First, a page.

East German town rusts as its steel lifeline dies: Steve Crawshaw saw the plight of Eisenhuttenstadt, where Communist ideals foundered

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The Independent Online
IN FORMER times, the town was known as Stalinstadt. And what glorious times they seemed to be. 'In Stalinstadt, the future greets you. Stalinstadt is a town without a history. But in this town, history is being made,' says one of the yellowing leaflets in the town museum. In the past 40 years, Eisen huttenstadt (as it was renamed in 1961) has gained a history. But it may also have lost a future.

Founded in 1950 a few miles from the Polish border, this was 'the town of German-Soviet friendship, the town of raw iron, the town of peace'. The steelworks, the reason why the town was built, was the model Communist industry.

Now, Eisenhuttenstadt is the most serious casualty of the new economic realities in east Germany today. In 1989, 12,000 people were employed at the steelworks. A quarter are left. Many believe it is only a matter of time before Eisenhutten-Kombinat-Ost, better known as Eko, is forced to close.

For almost two years, the Italian group Riva and others sniffed around Eko-Steel, with a view to buying and investing. The Italians even signed a contract of sorts, with get-out clauses. Britain, the most notable critic, was reluctantly persuaded to approve the deal, despite concerns about overproduction and unacceptable subsidies within the European Union. Then, Riva suddenly announced this month that the deal was off. Bonn was embarrassed, angry and dismayed.

Now the talks are back to square one. But the outlook is bleaker than ever. West German steelmakers, suffering from overproduction, showed little interest before, and may show less interest now. There is, in any case, deep scepticism in Eisenhuttenstadt regarding west German motives. In the words of one worker, 'if Krupp or Thyssen take it over, it would only last two or three years, before they close it down. The west Germans want the place to go bankrupt - that's clear.'

The winding down of Communist heavy industry, and the ensuing mass unemployment, has become a painfully familiar tale throughout the region. But the problems of Eisenhuttenstadt are even worse than elsewhere, since the town, built in the middle of the fields, only ever had one reason to exist. A hoarding puts the message starkly: 'Eisenhutten stadt must live. Therefore: steel'.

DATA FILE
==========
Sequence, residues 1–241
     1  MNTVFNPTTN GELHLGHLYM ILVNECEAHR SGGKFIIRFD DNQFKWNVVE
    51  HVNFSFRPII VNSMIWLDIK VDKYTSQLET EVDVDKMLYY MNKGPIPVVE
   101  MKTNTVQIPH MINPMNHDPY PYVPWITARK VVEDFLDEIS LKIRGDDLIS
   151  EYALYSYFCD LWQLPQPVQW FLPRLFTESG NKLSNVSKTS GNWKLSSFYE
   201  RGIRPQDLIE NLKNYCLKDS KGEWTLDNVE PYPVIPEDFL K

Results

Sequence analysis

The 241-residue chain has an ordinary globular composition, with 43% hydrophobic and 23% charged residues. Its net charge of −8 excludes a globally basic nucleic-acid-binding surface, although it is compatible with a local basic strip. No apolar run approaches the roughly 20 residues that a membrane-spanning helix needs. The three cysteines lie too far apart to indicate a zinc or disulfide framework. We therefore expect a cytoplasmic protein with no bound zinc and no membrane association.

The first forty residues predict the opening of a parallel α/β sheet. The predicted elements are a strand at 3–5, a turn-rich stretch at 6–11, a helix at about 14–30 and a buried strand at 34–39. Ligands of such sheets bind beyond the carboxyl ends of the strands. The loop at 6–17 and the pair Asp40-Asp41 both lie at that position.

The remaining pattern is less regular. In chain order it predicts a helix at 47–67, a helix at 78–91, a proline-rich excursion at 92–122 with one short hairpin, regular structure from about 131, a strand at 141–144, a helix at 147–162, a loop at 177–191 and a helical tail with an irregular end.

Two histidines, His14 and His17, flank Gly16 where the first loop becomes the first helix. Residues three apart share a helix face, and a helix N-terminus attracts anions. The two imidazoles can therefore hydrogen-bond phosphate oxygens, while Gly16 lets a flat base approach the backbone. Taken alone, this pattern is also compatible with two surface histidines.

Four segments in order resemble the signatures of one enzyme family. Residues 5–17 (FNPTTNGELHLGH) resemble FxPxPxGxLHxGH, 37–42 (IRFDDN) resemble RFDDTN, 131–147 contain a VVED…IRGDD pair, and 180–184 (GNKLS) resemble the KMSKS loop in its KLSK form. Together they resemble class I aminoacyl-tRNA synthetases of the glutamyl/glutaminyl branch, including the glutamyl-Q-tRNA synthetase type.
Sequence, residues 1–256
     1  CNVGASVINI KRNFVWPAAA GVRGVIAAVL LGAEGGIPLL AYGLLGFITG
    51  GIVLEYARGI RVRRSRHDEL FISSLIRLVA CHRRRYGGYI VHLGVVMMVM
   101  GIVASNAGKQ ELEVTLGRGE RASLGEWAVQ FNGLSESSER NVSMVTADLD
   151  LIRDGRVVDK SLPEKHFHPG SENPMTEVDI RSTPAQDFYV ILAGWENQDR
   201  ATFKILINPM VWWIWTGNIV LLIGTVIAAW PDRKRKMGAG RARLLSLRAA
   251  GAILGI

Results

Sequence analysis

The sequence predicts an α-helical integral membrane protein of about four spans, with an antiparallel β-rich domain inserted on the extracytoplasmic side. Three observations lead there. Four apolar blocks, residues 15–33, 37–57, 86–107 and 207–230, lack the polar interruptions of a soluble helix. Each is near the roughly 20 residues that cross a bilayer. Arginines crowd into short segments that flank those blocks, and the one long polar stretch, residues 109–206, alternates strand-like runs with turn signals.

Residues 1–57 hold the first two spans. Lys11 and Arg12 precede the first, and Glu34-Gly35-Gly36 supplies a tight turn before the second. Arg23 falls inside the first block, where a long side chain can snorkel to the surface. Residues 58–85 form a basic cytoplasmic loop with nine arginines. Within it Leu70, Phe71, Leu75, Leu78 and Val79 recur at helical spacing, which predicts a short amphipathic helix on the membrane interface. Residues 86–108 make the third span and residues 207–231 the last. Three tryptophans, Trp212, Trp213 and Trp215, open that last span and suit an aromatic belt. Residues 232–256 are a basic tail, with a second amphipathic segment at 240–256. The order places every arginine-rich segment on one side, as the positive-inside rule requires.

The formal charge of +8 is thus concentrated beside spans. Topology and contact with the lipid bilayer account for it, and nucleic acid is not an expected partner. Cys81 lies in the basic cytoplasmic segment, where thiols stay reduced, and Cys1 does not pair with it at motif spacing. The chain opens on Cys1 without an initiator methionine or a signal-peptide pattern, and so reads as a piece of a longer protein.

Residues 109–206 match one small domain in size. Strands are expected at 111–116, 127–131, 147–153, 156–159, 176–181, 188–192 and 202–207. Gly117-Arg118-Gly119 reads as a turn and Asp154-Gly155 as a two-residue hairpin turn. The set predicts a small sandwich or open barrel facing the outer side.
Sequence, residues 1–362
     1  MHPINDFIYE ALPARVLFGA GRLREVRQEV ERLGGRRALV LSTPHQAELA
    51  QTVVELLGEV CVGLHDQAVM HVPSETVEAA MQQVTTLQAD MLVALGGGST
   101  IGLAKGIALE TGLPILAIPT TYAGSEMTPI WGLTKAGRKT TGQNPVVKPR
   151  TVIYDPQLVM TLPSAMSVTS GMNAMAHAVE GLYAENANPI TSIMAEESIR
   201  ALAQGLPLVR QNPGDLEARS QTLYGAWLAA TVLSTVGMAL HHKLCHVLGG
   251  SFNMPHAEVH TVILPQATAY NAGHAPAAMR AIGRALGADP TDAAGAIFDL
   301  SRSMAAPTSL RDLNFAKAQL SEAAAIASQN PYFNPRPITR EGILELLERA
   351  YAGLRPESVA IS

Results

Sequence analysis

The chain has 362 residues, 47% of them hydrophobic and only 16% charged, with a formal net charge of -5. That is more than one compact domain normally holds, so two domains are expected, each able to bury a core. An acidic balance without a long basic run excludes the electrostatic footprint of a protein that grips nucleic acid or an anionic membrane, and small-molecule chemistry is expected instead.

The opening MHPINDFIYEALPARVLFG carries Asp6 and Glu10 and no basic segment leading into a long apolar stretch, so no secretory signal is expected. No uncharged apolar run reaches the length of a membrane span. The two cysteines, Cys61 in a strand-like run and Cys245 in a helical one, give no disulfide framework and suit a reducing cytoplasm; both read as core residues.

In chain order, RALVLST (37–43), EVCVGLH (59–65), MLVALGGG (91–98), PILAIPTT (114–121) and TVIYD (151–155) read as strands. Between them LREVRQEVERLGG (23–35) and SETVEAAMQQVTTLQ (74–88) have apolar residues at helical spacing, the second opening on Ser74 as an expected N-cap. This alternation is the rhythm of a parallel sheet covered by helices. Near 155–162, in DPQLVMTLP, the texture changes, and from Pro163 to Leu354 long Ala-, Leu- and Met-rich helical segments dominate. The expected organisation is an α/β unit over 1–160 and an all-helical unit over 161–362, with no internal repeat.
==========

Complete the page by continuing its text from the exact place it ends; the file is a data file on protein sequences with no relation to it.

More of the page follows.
The town of 50,000 was created for Eko-Steel and may die with Eko-Steel. There are cosmetic changes, of course. Lenin Avenue has become Linden Avenue, 'Eko- Steel: We Are Your Partner]' proclaims the bright new slogan, outside the concrete town hall. There are car showrooms, travel agents offering holidays in Kenya, and even a newly opened shopping precinct, 'Cityi Center'. But, despite some half-hearted official attempts to suggest differently, there is nothing to give the town an economic life of its own.

German politicians are due to hold meetings in Brussels in the days and weeks to come, to explore the possibilities of saving the plant. But Germany's European partners are unenthusiastic about allowing further investment for new capacity in the current climate. The cost of propping up Eis enhuttenstadt in the last two years alone has been estimated at pounds 400,000 per job, and the bill may rise further.

The cynics (an almost all-embracing category in Eisenhutten stadt these days) suggest there will be no announcement on closing Eko-Steel until after 16 October. On that day, Chancellor Helmut Kohl is hoping to be re-elected for a fourth term.

Already, Eisenhuttenstadt's population has dropped sharply. Unless an industrial base can be re-established, the trend seems set to continue. Those who can move, are doing so. Few have the stomach for a fight. Instead, there is bitter resignation. Volker Wellemsen, 50, expects never to get another job. 'For us, it's all over. They do whatever they want with us. What have we got to say?'